By Randi Anderson
Assessment season is right around the corner and we know you are working tirelessly, preparing lessons that pack lots of punch (instruction wise). It is important to remember that we must model the types of thinking processes that are essential for proficient reading and writing, as well as provide time for students to repeatedly practice those thinking processes for the majority of our classroom time. Here are few ideas to use in your classrooms.
By Ashley Taplin
In the fall, I had the opportunity to attend a Visible Learning Institute in which John Hattie and Peter DeWitt dove into the topic of assessment capable learners. They explained that students need to be able to answer three questions: where am I going, how am I doing, and where to next? (download this classroom poster I created here). Furthermore, there are 6 key characteristics of assessment capable learners:
February is Black History month. During this month, we celebrate the achievements of African American men and women. Here are some read aloud texts for your students!
The theme this week is "You are unique!" This week we are learning about the parts of the body. Each book, song, and rhyme is thematically linked. The questions we are exploring is "How are we the same? How are we different?" Here is a google slide deck with book and song suggestions.
By Randi Anderson
Integration is key for being able to fit all the things in that we have to teach! Here are some ways to get students talking and writing during your reading block.
After reading a selection, pose an open-ended question about the text to the students. Have students STOP (think time) and TALK (discussion with peers) about their responses to the question about the text. Allow students time to share (in a small group setting) their answers and reasons to the question. Then, have students STOP (revise their thinking) and WRITE to answer the text question. Make this writing time no longer than 5 minutes.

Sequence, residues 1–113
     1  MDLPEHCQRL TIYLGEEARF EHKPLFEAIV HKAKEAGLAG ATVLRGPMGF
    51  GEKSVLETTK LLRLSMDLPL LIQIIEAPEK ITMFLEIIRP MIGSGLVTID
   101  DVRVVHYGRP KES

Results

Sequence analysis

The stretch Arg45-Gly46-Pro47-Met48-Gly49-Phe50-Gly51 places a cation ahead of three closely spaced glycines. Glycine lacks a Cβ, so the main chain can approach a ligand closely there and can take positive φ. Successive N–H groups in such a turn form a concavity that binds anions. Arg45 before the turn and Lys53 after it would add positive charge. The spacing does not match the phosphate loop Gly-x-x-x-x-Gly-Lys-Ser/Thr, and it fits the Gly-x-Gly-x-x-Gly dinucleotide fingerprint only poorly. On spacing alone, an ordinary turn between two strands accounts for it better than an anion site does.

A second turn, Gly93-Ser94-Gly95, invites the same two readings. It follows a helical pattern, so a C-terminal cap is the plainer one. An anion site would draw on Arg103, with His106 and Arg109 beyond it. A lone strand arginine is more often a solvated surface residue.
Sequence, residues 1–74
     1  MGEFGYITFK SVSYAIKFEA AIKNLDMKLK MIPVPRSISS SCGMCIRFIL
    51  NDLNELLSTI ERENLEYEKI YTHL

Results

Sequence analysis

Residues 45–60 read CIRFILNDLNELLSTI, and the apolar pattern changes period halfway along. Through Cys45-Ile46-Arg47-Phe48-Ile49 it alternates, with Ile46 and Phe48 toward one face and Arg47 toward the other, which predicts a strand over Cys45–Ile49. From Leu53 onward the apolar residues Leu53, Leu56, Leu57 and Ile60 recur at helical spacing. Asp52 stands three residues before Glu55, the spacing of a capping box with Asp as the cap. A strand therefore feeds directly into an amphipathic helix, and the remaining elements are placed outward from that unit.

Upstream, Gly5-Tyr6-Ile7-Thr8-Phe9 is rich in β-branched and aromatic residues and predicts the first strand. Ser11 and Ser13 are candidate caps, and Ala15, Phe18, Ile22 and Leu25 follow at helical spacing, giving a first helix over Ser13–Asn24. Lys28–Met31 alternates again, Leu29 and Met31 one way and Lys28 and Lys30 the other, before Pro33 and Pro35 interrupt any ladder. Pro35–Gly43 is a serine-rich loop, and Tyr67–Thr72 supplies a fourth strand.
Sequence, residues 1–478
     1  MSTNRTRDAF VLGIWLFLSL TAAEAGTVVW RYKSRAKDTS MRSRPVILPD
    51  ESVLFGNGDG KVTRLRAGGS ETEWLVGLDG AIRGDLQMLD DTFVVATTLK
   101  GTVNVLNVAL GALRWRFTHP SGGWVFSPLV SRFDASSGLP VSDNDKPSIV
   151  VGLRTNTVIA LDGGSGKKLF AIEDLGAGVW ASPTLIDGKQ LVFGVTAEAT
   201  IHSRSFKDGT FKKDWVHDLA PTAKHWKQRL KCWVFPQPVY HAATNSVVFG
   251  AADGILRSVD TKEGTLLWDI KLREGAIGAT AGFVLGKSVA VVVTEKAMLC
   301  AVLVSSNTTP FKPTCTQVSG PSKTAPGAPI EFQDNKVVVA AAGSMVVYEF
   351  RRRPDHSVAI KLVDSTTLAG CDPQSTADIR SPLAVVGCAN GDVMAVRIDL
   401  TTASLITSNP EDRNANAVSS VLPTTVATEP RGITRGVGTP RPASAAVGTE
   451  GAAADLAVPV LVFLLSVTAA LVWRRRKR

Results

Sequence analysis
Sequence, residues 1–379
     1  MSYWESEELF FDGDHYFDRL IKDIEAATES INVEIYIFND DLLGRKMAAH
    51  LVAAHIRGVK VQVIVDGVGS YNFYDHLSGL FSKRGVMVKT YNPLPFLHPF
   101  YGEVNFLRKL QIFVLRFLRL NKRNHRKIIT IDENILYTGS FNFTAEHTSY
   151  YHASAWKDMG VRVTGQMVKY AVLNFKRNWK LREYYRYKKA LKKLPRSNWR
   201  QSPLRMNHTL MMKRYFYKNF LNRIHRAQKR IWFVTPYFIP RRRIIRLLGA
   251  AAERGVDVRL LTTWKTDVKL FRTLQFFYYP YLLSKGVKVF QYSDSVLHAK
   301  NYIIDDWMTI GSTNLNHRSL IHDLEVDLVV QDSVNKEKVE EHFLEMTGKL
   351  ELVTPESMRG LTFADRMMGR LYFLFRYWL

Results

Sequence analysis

By Ashley Taplin
I was recently sent this quote from math guru, Marilyn Burns, in which she said, “I can no longer imagine teaching math without making writing an integral aspect of students’ learning. . . . Writing in math class requires students to organize, clarify, and reflect on their ideas” (Schmoker, 2018). As I began to reflect on integrating more opportunities for writing in my own classroom, I realized it was these fundamental skills from writing that deepened my student’s mathematical comprehension. I also gained new insight into their level of understanding as it was a more personal mode of communication beyond route calculation. But, just like math, writing requires practice and intentionality, and the more exposure, encouragement, and feedback we can give to students, the more competent and confident they will become. Below are some ideas to incorporate as you are beginning or continuing to develop writing in your classroom.
It’s Monday morning and many students have arrived at school feeling tired or even stressed after a weekend of busyness. Some students move slowly to prepare for the day, while others put their heads down, ready to go back to sleep. In the worst case scenario, some students may have experienced trauma-filled weekends and their brains are still in fight or flight. So do they feel like learning? Probably not. Do students have a choice about whether they feel like learning?
Have you seen the hashtag #makeDecembermagical? Teachers are tweeting out ideas with pictures to share ideas for how to integrate the holidays into your instruction. Here are some of those ideas:
1. Cozy Up to Learn
Use a fireplace video through Youtube (free) to display on our big screen. Pair with classical holiday tunes while students are working independently. Nothing makes it feel cozy like a fire and Christmas tunes.
My 5 year old recently came home from school raving about his new favorite center, the "School" center. I asked him what exactly that entailed and he told me it's where he becomes the teacher and teaches other students a concept they have been learning about. He then tells me that he taught a lesson on alliteration and that he got to use a "real" teacher pointer!